This is just a reminder (see previous news item) that I am not able to accept new clients at the moment due to a heavy load. I will review this towards the end of the year. Please do not wait for me if you need to see someone urgently. It’s important that you find someone to see you sooner rather than later.
Thank you and take care of yourself.
I am in holiday from Friday the 30th of August until and including Wednesday the 11th of September.
Currently there is a 3-4 week wait to see me so please take this into account if you’re thinking of starting therapy with me. I always encourage people not to wait and find someone who can see them sooner.
Take care, Avigail
For some time now I have had a growing dream and a vision of developing a Centre for psychotherapy practice, education and research in the Scottish Highlands, where I live and work.
I was extremely fortunate to study psychotherapy under Dr David Jansen and Margaret Newman at the Jansen Newman Institute (JNI) in St. Leonards, Sydney back in 1997-1998. After I graduated I was offered the opportunity to continue to do a bit of work for JNI and to co-present the Really Relating couples workshop alongside Tim, my former classmate.
JNI was a wonderful school and I felt at home for the two years I was a student there. I was exposed to some of the best people and teachers I have ever encountered in my life and everything I was taught is all still with me and still serves me well. JNI was a visionary school that taught psychotherapy to a very high standard. It was different to any other psychotherapy school in Australia at the time. JNI introduced me to so many topics, philosophies and ideas that I know are still largely not taught in psychotherapy courses today.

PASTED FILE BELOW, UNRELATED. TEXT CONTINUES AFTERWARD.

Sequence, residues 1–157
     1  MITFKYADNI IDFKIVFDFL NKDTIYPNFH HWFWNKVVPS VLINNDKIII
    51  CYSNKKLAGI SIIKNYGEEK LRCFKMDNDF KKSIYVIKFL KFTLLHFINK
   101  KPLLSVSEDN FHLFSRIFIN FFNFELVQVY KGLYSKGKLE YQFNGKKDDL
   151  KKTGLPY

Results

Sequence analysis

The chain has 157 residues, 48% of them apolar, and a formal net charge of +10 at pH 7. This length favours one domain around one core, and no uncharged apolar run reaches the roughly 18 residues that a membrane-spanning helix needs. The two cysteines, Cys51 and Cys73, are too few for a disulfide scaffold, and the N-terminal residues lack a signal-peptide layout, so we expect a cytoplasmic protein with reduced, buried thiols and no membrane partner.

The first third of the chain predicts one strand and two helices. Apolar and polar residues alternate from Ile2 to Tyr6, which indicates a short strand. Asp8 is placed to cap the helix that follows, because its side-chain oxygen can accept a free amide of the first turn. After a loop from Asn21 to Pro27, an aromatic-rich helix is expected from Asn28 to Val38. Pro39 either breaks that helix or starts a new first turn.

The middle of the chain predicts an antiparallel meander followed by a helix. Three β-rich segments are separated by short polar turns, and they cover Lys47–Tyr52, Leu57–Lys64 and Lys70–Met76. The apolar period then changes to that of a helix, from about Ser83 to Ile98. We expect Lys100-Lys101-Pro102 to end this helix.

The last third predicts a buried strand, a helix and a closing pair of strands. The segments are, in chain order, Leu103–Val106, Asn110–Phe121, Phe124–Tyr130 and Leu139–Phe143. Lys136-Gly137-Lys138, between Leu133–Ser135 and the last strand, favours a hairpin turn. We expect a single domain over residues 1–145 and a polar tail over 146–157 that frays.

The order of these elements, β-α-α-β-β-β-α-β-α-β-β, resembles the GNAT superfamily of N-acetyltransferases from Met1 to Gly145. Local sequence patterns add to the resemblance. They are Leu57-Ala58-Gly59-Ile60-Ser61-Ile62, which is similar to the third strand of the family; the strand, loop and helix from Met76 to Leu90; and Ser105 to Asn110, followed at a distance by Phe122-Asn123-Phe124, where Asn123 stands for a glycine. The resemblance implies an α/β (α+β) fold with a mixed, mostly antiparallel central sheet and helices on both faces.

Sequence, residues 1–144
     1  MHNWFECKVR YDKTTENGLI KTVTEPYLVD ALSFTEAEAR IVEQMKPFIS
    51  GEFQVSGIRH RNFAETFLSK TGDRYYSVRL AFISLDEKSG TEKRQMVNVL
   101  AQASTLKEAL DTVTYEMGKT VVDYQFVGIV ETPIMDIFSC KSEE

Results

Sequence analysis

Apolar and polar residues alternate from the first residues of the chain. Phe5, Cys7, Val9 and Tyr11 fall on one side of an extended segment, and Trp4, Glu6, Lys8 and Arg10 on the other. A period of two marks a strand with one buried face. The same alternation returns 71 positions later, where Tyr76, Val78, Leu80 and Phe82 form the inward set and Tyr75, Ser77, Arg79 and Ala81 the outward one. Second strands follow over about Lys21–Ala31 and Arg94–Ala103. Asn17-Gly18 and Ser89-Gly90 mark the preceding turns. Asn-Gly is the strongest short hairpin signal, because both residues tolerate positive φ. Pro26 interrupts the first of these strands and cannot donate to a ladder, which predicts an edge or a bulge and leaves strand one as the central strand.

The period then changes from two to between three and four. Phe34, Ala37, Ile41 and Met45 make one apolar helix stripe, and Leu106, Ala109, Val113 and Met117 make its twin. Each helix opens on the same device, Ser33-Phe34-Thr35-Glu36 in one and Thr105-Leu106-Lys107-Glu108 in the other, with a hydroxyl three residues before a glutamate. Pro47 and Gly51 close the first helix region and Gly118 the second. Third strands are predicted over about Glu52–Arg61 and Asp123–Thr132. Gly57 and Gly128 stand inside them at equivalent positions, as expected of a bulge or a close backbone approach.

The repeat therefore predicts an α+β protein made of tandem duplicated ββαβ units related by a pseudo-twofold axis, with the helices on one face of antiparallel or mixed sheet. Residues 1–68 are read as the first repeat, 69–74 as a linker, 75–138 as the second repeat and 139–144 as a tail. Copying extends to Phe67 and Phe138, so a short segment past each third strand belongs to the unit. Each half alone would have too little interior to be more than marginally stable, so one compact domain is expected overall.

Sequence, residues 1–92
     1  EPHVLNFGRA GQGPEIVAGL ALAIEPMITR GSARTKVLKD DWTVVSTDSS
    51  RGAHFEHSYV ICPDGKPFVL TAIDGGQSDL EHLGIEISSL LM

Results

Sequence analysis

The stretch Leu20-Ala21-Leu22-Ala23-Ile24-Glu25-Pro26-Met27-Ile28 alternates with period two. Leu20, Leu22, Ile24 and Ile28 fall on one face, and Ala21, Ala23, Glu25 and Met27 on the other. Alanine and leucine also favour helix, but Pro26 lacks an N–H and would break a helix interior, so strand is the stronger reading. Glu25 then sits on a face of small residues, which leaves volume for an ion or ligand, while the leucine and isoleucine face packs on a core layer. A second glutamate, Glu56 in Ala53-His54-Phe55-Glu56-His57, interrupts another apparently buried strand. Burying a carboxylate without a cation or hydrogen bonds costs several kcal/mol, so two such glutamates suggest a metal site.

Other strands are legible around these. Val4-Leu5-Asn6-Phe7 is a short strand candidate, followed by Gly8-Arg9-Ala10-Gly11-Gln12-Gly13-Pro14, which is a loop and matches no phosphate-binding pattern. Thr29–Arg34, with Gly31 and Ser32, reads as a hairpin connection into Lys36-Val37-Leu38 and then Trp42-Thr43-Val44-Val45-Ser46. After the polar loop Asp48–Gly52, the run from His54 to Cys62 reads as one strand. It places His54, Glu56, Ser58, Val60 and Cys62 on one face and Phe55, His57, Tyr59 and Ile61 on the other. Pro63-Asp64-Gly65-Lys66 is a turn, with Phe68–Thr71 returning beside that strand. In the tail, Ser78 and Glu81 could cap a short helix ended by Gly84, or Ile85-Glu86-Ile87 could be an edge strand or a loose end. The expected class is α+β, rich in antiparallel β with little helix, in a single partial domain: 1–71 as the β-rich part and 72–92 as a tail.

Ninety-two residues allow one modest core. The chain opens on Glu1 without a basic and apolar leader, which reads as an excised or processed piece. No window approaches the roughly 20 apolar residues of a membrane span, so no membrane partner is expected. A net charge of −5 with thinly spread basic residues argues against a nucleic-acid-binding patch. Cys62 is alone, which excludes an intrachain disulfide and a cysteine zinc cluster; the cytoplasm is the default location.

(If my Centre ever becomes a reality and Margaret Newman is still with us, I would love to invite her to cut the ribbon at the opening ceremony.)
I would like to build on JNI’s vision and develop an accredited psychotherapy programme that includes the best of the foundational knowledge I was taught.
I would like to bring this knowledge to our time with the addition of neuroscience, especially as it comes to psychotherapy from Dan Siegel’s brilliant and revolutionary Interpersonal Neurobiology (IPNB) framework. IPNB informs my work heavily. It takes psychotherapy from the realm of mystery to something that everyone can understand and implement. Thanks to IPNB, psychotherapists can finally understand and explain clearly what it is that we are doing in our work and how exactly we help our clients.
I can see a well-equipped school with a library and all the facilities to make the learning experience comfortable and nourishing for students. I see a café serving good quality, healthy food and places inside and outside to study, process and be quiet alone or with others.
I would like to develop an ongoing programme of public talks and workshops on a variety of useful topics, building on the talks I have started to offer to the public in the past few months.